Can my foster children go to church with me?

Yes. Omni Visions will try placing children with you whose religious background is similar to your own. If a foster child is of a different faith, he or she must be allowed to attend worship in that faith, as well as assisting him/her with the transportation to the church of their choice.  

How will my children react to foster children?  

If you’ve prepared them well for the coming of a foster child and they understand the temporary nature of foster care, there should be few problems. It’s not unusual for your children to be a bit jealous at first — just as they might be jealous of a new baby in the family. With the support of the Omni Visions staff and by answering their questions honestly and forthrightly, these potential jealousies diminish quickly, and your child may find a new friend.

Can I choose the type of child placed in my home?

You can express a preference on the age, race and sex of the child that you think would best fit in with your family. The home study process helps to determine the best match of a child or children to your special skills and strengths. You do not have to accept a child you do not want or feel would not fit into your family.  Most often you will be provided with a lot of information about the child before you make your decision about accepting the child. We want the placement to be just as successful as you do.

How many foster children can I take?

That depends on factors such as your ability, your enthusiasm, how many children you have of your own and how much room you have in your home. The maximum number, by Omni Visions standards is two, unless it is a sibling group.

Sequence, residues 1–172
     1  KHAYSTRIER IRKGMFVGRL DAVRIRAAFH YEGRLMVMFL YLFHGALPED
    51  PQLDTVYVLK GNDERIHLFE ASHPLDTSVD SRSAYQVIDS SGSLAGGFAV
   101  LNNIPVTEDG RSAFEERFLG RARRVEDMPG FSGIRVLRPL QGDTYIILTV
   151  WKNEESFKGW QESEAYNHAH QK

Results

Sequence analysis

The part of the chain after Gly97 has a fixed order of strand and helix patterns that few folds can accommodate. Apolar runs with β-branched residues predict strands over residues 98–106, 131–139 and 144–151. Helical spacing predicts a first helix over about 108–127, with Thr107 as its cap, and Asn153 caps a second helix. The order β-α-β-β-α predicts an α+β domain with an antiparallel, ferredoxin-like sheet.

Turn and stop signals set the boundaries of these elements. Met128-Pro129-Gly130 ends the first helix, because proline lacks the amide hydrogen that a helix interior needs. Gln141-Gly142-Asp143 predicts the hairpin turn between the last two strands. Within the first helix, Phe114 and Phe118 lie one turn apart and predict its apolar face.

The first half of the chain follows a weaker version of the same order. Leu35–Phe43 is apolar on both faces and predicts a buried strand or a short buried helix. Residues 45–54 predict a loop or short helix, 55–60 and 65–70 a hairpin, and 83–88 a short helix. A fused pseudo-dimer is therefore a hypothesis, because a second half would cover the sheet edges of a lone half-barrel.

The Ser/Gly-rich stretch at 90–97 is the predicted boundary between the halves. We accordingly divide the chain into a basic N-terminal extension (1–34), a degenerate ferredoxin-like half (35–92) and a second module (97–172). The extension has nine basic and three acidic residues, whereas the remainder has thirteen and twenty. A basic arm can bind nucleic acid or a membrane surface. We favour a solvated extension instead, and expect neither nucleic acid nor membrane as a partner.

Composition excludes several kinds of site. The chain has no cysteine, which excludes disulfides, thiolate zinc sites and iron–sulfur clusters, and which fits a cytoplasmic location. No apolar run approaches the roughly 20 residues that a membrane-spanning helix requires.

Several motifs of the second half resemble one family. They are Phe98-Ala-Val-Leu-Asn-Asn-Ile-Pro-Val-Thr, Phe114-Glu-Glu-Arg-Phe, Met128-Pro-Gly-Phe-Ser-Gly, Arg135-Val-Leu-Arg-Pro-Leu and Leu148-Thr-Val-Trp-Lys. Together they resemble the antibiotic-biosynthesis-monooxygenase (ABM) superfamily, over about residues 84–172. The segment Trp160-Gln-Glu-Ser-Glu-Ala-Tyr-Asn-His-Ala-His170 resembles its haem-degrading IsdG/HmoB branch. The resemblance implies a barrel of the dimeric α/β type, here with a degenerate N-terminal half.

Do a child’s birth parents visit him or her?

In most cases, yes. In fact, visits between parents and children are an essential part of the efforts to reunite families. The child’s caseworker has the primary responsibility for planning visits and arranging supervision, if required. The caseworker will talk with you and the child’s parents to work out the time and location of the visit that is agreeable with both parties.

Can I ever adopt a foster child?

The first goal is to return foster children to their families when possible. Most of the children we place through Omni Visions are older and have a voice in being adopted, but if a foster child who has been in your home for some time becomes available for adoption, you can discuss your interest in adopting him or her with the caseworker and meet the requirements for becoming an adoptive parent.

Won’t it be hard when the foster child returns home or is adopted?

Yes. That is, in fact, the hardest part of being a foster parent. You will certainly feel sad for a time. It’s only natural — just as it’s natural for your foster daughter or son to want a family of their own.

There will always be new foster children who will need your care and affection. We suggest foster parents view treatment foster parenting like taking in a foreign exchange student. You know they are going to return home after a period of time, but during the time they are in your home, you will support them and show them the example of an appropriate parent and family.